A group of Native Americans on Monday protested as heavy equipment for President Trump’s border wall arrived at the National Butterfly Center in Mission, Texas, which the barrier is expected to plow through the center’s 100 acres of protected natural habitat for more than 60 varieties of butterflies, the San Antonio Express-News reported.
Roughly 35 tribal members protested along a levee on the Rio Grande River, as construction equipment was off-loaded at the most diverse butterfly sanctuary in the country.
Juan Mancias, the tribal chair of Carrizo Comecrudo who led the march, told the newspaper that he did not expect the construction to begin “this soon.”
“You come over here, you see the butterflies here, the animals here, and you also see gravesites that have been here since 1865,” Mancias said.
According to federal documents seen by the San Antonio Express, the border construction will reportedly feature a 150-foot-wide “enforcement zone” that could also destroy the gravesites of Mancias’ ancestors who were buried at a nearby cemetery in San Juan.
Native American protesters marched to the National Butterfly Center in South Texas this morning to protest border wall construction. The same activists have a protest camp set up at a nearby historic cemetery. Video: pic.twitter.com/wNFnYys2AF
— Gus Bova (@bova_gus) February 4, 2019
Mancias told the newspaper that he felt a kinship with the butterfly sanctuary and added they both are dedicated to “saving that which is native to Texas” in a way.
“We have an association with nature, we are a part of it,” he continued.
The Trump administration has reportedly waved nearly 30 environment laws to build a wall at the site
According to the National Butterfly Center’s GoFundMe page:
Congress funded 33 new miles of Border Wall in the 2018 omnibus Appropriations Act and contracts for the first 6 miles have been awarded to SLSCO . The real kicker is, the border wall is not being built on the border, but over 2 miles inland, moving the border of Mexico NORTH of the Rio Grande River (the actual border) and placing more than 6,000 acres of private property and public lands behind it in the newly created subdivision we’ve named MEXIGRO.
The issue is not whether butterflies can fly over a wall, but whether private property (farms, businesses, homes) should be seized and destroyed for a project that does not serve the greater good or enhance national security; rather, it pushes the boundaries of Mexico north of the Rio Grande and makes America smaller.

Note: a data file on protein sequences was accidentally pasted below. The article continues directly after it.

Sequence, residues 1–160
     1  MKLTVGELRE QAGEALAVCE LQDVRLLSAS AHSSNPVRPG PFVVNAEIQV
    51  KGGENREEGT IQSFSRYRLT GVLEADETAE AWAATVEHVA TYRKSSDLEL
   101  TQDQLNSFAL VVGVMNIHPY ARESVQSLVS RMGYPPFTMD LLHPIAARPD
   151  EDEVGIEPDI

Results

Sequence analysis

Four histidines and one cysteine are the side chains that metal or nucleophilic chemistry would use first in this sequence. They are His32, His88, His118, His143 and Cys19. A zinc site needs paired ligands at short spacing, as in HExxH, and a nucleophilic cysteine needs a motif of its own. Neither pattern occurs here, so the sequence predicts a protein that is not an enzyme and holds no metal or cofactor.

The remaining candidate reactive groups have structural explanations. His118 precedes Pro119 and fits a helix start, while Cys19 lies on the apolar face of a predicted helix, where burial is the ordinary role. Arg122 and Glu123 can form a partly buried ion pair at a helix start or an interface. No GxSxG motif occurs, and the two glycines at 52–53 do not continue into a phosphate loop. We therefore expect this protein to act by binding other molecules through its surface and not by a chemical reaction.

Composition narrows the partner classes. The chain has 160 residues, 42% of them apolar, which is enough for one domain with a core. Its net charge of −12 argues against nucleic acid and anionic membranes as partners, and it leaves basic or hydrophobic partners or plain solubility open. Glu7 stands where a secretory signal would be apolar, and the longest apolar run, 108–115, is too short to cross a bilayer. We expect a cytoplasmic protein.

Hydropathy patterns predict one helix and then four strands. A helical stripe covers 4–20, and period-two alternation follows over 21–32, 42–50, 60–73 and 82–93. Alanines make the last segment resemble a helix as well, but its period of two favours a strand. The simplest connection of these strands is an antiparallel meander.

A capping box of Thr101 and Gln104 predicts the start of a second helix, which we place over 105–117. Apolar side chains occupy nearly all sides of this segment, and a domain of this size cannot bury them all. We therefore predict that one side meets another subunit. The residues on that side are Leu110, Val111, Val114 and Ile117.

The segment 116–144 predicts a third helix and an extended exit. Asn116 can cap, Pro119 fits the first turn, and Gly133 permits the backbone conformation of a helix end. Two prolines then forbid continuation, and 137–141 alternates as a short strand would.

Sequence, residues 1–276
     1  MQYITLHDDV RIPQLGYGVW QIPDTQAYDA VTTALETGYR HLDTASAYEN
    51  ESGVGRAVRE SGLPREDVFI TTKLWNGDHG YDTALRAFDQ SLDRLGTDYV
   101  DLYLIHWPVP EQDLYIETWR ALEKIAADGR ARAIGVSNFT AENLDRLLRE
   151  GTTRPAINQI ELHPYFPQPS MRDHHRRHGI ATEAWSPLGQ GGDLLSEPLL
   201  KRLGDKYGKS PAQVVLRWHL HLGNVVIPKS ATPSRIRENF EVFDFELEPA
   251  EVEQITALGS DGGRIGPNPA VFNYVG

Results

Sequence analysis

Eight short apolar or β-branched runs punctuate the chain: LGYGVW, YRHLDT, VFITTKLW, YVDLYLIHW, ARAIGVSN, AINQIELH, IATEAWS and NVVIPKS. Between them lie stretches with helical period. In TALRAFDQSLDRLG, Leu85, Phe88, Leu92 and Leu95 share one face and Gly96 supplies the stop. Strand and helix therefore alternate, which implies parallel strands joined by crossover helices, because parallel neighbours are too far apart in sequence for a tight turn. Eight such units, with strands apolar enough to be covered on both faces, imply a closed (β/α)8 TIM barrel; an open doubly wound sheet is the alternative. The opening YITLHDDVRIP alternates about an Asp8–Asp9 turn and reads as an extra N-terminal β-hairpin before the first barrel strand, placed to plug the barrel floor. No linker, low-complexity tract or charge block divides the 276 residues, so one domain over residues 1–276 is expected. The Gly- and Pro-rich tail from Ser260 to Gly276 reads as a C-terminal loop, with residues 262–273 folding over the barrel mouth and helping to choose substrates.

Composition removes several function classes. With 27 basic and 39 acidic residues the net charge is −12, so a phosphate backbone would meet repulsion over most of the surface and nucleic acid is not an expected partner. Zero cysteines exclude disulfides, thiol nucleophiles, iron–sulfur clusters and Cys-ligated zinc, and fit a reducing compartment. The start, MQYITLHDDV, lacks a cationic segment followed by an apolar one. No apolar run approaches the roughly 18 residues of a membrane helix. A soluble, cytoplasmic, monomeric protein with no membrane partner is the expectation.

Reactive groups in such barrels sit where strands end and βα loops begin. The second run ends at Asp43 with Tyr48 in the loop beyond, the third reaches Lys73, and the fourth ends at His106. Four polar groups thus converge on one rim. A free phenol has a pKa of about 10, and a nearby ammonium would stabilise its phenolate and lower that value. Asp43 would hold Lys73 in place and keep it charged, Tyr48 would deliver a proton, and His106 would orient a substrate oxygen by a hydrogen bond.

At the National Butterfly Center in Mission, Texas, 70% of the land belonging to the nonprofit project of the North American Butterfly Center will be forfeited, to create a landing and staging area for illegal traffic on the shores of the United States.
In this land set aside for the protection of a remnant of native habitat, endangered species such as the ocelot, and the graves of Native American people who were present before the U.S. existed, everything will be desecrated, bulldozed and cut off from access by citizens and landowners; where gunboats could more easily be placed on the river to actually prevent traffic from setting foot on our soil.
Moreover, the federal government has waived 28 laws in order to expedite this.
“Environmental tourism contributes more than $450m to Hidalgo and Starr counties,” said the center’s director, Marianna Wright, referring to the adjacent counties in the valley. “Many of the properties people choose to visit to see birds, butterflies and threatened and endangered species are all going to be behind the border wall. For us, the economic impact is potentially catastrophic.”
“Walls have fragmented our habitat,” said Scott Nicol, co-chair of the Sierra Club Borderland team. The various patches of land that provide refuge for these animals will become “less viable, with less and less places for them to go.”
“This is not just that they will drive ocelots to extinction,” said Nicol, referring to the critically endangered wild cat found in the Rio Grande Valley. “Families trying to come into this country will be pushed into the desert to die.”
“Border walls are death sentences for wildlife and humans alike,” said Amanda Munro of the Southwest Environmental Center, an organization that works to restore and protect native wildlife and habitats. “They block wild animals from accessing the food, water and mates they need to survive. They weaken genetic diversity, fragment habitat, and trap animals in deadly floods. At the same time, they drive desperate asylum seekers to risk their lives in the unforgiving desert.”